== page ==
How General Mills' Marketing Pays Off

Many businesses cut back ad spending in a downturn, but not processed food companies
Marketing boss Addicks likes brands that "give hope and optimism" Thomas Strand

Yes, Virginia, there are companies pumping up ad spending even as the economy remains stuck, stubbornly, in low gear. Judging from the results of one of them, more might want to try doing the same.

General Mills (GIS), the 81-year-old packaged food monolith, closed the books on a very good fiscal year on May 31. Revenues were up 8%, to $14.7 billion, and operating profit rose 4%. In its most recent quarter, the company spent 16% more on marketing than it did in '08. "In an environment where you have consumers going to the grocery store more often and thinking more about meals at home," says General Mills CEO Ken Powell, "we think that is a great environment for brand building, to remind consumers about our products."

General Mills purveys homey comforts—Cheerios, Wheaties, Progresso Soup, Hamburger Helper—and current times are nothing if not tailor-made for them. But the company doesn't just have the good fortune to own a portfolio concentrated in categories built for the times. In many cases, it's gaining market share in them. The company's "revenue growth has been along the lines of 9% to 10% in categories growing at 5%," says Robert B. Moskow, who tracks the company as an analyst at Credit Suisse Group (CS). "I attribute it to some breakthrough marketing ideas that have a lot of resonance with consumers."

There has always been something of an arms-race mentality to marketing. When you've got more resources to spend, you do so, whether to drain competitors' coffers or take advantage if their finances are under strain. This wrinkle may help explain why General Mills, in an early July call with investors, promised a high single-digit percentage increase in its marketing budget for its coming fiscal year. "Brands that continue to expand [and] give hope and optimism" during rough patches, says Chief Marketing Officer Mark Addicks, "historically do well."

Many big marketers are cutting back this year. Ad tracker TNS Media Intelligence finds that total measured ad spending for the first six months of '09 has dropped 14.4% compared with the first six months of 2008. But this is not how the companies that sell basic supermarket staples the American public purchases by the palletful are going about marketing in this recession. "Every food company I know has taken marketing [spending] up significantly this year," if not necessarily to the same degree as General Mills, says analyst Christopher Growe, who follows these businesses for financial firm Stifel Nicolaus (SF). What wins in such a marketplace, where all entrants keep increasing their bets? The answer is one commonly found among all massive companies that sell basic goods: intensive research that aims at wreathing a kind of grandiosity of purpose around everyday products to a degree that may seem somewhat silly to outsiders. The key question, Addicks says, is "What is the bigger job this brand does in a consumer's life?" This question is threaded through an exhaustive process—including videotaped interviews with key customers—that ultimately boils the marketing message of key brands down to simple story lines.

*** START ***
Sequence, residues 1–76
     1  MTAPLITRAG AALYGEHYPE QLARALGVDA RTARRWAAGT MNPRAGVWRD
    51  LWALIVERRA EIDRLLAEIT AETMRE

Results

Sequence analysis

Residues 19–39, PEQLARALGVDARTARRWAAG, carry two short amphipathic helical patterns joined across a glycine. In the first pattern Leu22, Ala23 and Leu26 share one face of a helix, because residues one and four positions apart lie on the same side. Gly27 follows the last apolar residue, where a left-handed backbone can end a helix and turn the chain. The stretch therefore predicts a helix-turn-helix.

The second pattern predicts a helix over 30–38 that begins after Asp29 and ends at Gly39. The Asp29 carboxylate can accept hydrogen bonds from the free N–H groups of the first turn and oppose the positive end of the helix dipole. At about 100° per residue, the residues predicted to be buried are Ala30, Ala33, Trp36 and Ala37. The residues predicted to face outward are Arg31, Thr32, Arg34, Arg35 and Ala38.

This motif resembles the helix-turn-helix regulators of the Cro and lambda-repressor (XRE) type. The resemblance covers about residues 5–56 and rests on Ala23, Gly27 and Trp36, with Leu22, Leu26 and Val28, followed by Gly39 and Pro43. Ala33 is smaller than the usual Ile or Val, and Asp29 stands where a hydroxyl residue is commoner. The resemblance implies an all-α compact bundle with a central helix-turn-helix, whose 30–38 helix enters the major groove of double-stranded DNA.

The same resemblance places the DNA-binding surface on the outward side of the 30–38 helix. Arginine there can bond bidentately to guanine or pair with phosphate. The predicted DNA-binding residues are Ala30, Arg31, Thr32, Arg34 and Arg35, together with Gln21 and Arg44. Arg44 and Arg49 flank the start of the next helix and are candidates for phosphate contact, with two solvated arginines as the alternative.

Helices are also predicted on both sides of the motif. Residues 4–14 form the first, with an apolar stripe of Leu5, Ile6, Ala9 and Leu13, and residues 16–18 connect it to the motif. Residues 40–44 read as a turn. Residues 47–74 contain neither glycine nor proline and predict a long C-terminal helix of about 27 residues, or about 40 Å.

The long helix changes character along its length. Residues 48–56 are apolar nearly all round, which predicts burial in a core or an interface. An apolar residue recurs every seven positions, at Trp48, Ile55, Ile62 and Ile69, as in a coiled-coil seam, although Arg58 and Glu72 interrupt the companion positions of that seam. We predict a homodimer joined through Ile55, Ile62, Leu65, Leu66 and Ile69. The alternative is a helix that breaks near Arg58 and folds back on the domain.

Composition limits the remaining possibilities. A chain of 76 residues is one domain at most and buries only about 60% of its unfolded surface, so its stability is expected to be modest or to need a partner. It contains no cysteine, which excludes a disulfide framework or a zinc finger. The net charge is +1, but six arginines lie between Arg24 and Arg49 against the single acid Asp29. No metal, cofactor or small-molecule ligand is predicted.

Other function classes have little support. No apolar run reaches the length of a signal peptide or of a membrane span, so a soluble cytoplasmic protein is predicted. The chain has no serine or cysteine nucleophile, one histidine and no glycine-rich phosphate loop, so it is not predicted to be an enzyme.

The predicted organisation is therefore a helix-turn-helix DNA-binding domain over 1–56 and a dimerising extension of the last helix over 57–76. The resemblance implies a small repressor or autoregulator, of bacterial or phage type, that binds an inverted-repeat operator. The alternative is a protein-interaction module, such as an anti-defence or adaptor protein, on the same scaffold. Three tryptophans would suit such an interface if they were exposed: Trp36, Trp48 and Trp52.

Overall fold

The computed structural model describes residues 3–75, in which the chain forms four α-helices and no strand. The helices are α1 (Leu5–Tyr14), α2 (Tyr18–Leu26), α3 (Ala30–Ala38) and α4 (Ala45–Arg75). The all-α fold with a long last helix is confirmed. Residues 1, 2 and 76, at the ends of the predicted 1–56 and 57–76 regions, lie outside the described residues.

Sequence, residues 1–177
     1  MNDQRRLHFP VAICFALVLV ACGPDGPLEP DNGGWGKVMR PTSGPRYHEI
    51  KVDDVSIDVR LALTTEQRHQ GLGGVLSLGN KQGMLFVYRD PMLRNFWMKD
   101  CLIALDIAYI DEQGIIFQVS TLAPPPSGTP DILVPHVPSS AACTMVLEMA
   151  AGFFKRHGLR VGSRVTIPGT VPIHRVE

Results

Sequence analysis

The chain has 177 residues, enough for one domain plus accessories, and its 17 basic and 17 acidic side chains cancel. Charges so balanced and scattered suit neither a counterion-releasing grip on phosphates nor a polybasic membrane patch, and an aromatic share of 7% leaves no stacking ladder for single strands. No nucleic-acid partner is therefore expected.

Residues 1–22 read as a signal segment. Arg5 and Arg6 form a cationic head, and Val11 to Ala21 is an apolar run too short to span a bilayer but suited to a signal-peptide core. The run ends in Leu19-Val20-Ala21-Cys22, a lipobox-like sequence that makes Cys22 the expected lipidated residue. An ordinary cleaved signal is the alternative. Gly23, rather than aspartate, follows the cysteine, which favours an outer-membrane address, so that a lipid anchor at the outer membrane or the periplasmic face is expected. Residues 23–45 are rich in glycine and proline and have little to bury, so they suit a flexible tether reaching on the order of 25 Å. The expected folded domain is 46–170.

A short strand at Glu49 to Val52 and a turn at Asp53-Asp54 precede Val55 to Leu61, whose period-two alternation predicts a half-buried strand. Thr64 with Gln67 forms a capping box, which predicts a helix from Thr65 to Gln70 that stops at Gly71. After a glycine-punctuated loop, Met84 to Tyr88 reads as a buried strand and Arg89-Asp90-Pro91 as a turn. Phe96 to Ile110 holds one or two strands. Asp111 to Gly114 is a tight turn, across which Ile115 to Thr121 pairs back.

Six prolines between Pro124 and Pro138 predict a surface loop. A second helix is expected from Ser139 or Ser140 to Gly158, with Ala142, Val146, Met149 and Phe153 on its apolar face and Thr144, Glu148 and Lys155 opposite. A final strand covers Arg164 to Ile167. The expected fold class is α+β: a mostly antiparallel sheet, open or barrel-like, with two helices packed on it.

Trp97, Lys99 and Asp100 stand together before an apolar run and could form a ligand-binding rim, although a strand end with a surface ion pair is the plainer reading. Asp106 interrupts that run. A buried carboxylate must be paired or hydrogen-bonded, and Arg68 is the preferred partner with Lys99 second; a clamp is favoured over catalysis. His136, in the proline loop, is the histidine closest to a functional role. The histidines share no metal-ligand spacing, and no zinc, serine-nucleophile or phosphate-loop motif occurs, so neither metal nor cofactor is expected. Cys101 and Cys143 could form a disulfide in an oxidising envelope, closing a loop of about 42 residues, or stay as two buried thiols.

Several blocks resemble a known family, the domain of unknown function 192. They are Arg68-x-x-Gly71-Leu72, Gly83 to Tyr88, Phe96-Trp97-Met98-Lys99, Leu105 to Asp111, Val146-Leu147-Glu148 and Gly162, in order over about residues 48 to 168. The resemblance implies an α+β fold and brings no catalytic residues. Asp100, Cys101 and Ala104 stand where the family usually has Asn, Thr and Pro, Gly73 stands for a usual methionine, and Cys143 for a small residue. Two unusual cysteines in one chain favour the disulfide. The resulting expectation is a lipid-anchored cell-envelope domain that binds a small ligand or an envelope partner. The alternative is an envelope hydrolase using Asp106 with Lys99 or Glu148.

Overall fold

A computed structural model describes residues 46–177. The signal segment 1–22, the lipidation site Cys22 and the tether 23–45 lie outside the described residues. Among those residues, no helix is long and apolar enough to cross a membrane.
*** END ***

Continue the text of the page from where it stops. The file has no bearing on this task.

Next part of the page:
Focusing on Addicks' question led, in one instance, to a tweaked positioning for the company's fruit-roll product, Fruit by the Foot. The ads now stress how the snack gives kids a chance, for lack of a more elegant phrase, to play with their food. Company research led Hamburger Helper to dust off a catchphrase last employed in the early '70s: "One Pound. One Pan. One Happy Family." (The product's sales growth has doubled recently, the company says, though it can certainly thank the overall economy for increased interest in the brand.) In some cases the findings have prompted General Mills to shift a spending strategy radically. The company concluded that key customers of the long-running, ultra-mainstream baking brand Betty Crocker were "information seekers," as General Mills Marketing Vice-President Anton Vincent puts it. Baking aficionados bounce around online looking for recipes and ideas, so General Mills shifted Betty Crocker's ad buys: This year more than half its total spending will go online. (Generally, around 20% of General Mills' ad budgets are spent online.) This shift, says Vincent, led to "a change in [the sales] growth trajectory" for Betty Crocker that, according to internal company metrics, outpaces the overall baking category's increases.

Simple stuff? Of course. But General Mills has long built evocative stories around simple products—refrigerated dough, breakfast cereal, flour—just like its competition. And anyway, this is exactly on point: Marketing is a business in which the best story that's most aggressively deployed wins. You can look at General Mills and see a company uniquely positioned to take advantage of an economic downturn. Or maybe you'd see the suggestion of something slightly counterintuitive: Perhaps now, more than ever, is when advertisers should spend more, not slash.

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